The studies in Aim 4 represent stretch goals for the LSP in which we attempt to advance therapeutic discovery by mining electronic medical records (EMRs) using machine learning and causal reasoning systems, dissect the druggable process of cell-to-cell communication in inflammation and fibrosis, and use structure- guided discovery to identify new compounds regulating the SHP2 phosphatase. These are studies that link together investigators who are experts in their respective fields, but who have not previously worked together on these topics; the sub-aims therefore have less project-specific preliminary data than those in Aims 1-3. However, one of the key goals of the LSP is to bring systems pharmacology approaches to new areas of research, and this Aim fulfills that goal as well as addressing areas of weakness identified in the A0 review.
AIM 4. 1 will join HMS systems biologists Chen, Marks and Sorger and BWH clinician Loscalzo in using machine learning and causal reasoning systems to identify key regulatory networks in Asthma. Using data in the large AsthmaBRIDGE clinical database, we aim to subdivide heterogeneous patient populations by molecular subtypes to improve disease management, identify opportunities for drug repurposing and discover new targets that could be advanced into clinical development.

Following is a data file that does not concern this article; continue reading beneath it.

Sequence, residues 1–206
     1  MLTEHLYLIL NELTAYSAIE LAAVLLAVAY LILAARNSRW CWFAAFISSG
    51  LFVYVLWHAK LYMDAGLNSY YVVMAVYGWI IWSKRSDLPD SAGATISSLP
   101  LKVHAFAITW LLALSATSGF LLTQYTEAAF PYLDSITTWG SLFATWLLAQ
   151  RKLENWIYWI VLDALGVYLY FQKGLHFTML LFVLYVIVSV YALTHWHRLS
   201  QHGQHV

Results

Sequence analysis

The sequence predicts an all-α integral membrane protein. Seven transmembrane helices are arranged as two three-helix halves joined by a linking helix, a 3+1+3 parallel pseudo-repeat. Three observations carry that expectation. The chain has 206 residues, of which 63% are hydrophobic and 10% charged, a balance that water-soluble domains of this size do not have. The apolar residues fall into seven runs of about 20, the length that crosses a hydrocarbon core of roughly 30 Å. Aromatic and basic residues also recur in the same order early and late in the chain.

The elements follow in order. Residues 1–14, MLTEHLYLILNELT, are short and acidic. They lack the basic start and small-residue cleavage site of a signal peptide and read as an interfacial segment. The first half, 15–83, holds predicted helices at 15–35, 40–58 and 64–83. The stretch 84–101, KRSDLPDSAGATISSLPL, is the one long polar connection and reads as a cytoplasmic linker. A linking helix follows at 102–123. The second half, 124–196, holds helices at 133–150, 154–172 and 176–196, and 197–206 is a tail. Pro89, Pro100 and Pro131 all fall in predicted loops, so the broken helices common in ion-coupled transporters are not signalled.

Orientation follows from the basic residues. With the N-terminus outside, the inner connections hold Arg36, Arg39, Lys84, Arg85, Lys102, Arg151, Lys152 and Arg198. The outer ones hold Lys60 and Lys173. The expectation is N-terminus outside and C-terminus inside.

Aim 4. 1.1 will apply machine learning methods with input from the OpenBEL Pulmonary knowledge base to identify relationships between patient drug response and clinical and molecular phenotype.
Aim 4. 1.2 will apply reverse causal reasoning to clinical data to generate candidate lists of important networks and potential targets.
Aim 4. 1.3 will use patient-derived B- cell and alveolar cell culture models to test hypotheses derived from analysis of AsthmaBRIDGE.
AIM 4. 2 will join Broad genomicist Hacohen, systems biologists Sorger and Yaffe, and clinician Loscalzo in an analysis of the molecular basis of inflammatory and fibrotic disease.
Aim 4. 2.1 will take a systems approach to inflammation, with a focus on innate immunity. This is an area with many potentially druggable targets (e.g. kinases and cell surface receptors) but in which poor understanding of networks makes it difficult to match targets to indications.
Aim 4. 2.2 will tackle the related problem of fibrotic disease, with a key advance being a new approach to disease definition based on network state rather than end-stage phenotype.
AIM 4. 3 will join structural biologist Blacklow, chemist Gray and systems biologists Sorger and Lauffenburger in an attempt to identify allosteric modulators of the SHP2 protein phosphatase; such molecules would represent a new approach to a classically undruggable target.

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National Institute of General Medical Sciences (NIGMS)
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Harvard Medical School
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